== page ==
Once again these drawings demonstrate how every single puppy is wonderfully somehow different. They're all individually unique, each one distinctive in it's own way, and everybody's got their own style. Hey - what a meta-lesson.
After a husky head we would next work up a sitting dog, and then either one or two additional drawings based on those two images would be recreated - this time on an index card (as opposed to a sheet of copier paper), which we then collected (more on that sneaky bit of subterfuge in a minute). Lastly we would then incorporate additional elements in response to a series of "what if" questions: Is your dog in a grassy backyard, or in the snow; in a doghouse or dog bed; does it have any buddies; what kind of toys or other props are there (ex: bones, waterbowl etc.).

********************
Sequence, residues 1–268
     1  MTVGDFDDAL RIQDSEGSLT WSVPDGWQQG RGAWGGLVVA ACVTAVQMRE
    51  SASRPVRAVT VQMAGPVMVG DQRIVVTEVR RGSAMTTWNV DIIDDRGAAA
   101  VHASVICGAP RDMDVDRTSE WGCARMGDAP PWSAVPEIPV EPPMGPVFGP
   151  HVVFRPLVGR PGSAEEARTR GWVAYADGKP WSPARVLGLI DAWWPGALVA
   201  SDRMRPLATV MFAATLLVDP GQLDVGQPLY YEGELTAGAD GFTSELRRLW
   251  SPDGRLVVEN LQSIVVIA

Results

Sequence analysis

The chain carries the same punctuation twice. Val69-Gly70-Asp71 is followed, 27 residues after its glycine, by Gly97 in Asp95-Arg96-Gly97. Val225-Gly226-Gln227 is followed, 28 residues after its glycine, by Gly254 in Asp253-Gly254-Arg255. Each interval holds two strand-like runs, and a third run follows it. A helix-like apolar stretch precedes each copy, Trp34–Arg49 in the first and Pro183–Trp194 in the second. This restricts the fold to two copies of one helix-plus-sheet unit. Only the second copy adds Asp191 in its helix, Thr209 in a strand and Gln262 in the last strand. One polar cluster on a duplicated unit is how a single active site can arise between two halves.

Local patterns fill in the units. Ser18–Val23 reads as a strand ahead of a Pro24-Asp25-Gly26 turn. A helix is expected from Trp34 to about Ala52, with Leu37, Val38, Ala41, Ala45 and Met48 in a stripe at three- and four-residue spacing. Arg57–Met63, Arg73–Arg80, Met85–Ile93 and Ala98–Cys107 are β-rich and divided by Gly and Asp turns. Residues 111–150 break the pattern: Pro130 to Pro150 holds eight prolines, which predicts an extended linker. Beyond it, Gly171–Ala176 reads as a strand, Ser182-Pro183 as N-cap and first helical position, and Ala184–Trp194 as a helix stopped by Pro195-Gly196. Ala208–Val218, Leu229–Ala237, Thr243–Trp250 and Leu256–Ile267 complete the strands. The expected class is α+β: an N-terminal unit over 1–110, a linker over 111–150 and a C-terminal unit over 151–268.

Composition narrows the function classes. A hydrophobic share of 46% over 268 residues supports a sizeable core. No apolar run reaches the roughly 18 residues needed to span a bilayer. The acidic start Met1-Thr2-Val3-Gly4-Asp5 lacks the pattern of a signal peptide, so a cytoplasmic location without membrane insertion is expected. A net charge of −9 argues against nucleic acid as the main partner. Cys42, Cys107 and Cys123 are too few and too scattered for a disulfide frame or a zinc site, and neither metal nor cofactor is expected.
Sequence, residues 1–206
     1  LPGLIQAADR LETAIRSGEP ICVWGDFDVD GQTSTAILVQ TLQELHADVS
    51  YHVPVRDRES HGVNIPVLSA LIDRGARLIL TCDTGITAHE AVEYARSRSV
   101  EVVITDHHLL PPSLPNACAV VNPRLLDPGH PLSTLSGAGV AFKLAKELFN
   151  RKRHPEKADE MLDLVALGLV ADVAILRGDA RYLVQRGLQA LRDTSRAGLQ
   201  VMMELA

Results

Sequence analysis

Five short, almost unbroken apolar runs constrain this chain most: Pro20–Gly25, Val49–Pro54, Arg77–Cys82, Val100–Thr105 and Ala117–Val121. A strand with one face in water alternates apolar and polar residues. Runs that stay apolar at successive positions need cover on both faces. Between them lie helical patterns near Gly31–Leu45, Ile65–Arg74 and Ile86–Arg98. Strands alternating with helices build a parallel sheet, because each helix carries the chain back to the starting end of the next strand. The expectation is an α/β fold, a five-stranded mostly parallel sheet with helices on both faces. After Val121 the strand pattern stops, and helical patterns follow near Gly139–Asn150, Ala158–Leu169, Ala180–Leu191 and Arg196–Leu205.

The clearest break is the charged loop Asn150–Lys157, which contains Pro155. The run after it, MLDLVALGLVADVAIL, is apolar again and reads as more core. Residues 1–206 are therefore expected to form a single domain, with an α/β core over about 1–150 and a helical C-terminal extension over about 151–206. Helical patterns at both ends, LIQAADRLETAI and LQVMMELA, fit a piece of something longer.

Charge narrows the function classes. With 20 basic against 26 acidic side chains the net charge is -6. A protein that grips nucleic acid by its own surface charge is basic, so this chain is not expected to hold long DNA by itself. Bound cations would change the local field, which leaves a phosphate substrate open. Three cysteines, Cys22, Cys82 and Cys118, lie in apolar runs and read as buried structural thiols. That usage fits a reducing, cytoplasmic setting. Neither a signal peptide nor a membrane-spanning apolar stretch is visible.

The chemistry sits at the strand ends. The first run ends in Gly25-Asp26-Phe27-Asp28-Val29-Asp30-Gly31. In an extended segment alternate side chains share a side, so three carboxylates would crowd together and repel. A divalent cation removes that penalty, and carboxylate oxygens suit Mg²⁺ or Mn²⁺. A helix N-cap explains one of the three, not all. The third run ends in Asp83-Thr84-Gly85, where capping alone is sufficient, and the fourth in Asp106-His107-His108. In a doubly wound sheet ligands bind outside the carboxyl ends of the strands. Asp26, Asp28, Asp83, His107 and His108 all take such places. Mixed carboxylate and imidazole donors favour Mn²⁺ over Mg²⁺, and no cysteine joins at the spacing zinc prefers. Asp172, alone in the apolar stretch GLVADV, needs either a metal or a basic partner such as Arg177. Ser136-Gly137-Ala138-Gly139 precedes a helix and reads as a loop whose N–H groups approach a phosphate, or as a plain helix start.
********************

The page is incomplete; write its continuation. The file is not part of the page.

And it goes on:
What kind of noises does your dog make? Can your dog talk and if so what would it say? What's it thinking? If we would have had another week to the residency and/or a second session this information would have provided us with all we need to begin creating narratives and strips and so on.
For closure we would gather around for a class. er, pack picture while holding up the husky heads as a hilarious sort of mask, and on the count of three all begin howling in unison - quite the cathartic release to an intense little class. Oh and don't forget to clean up your tables... thank you!
After my final class there was still a few hours left to prep for one last event, the PTA Family Night. This was a chance to meet many parents and families of the students and introduce myself and show off their kid's individual efforts and newfound skills.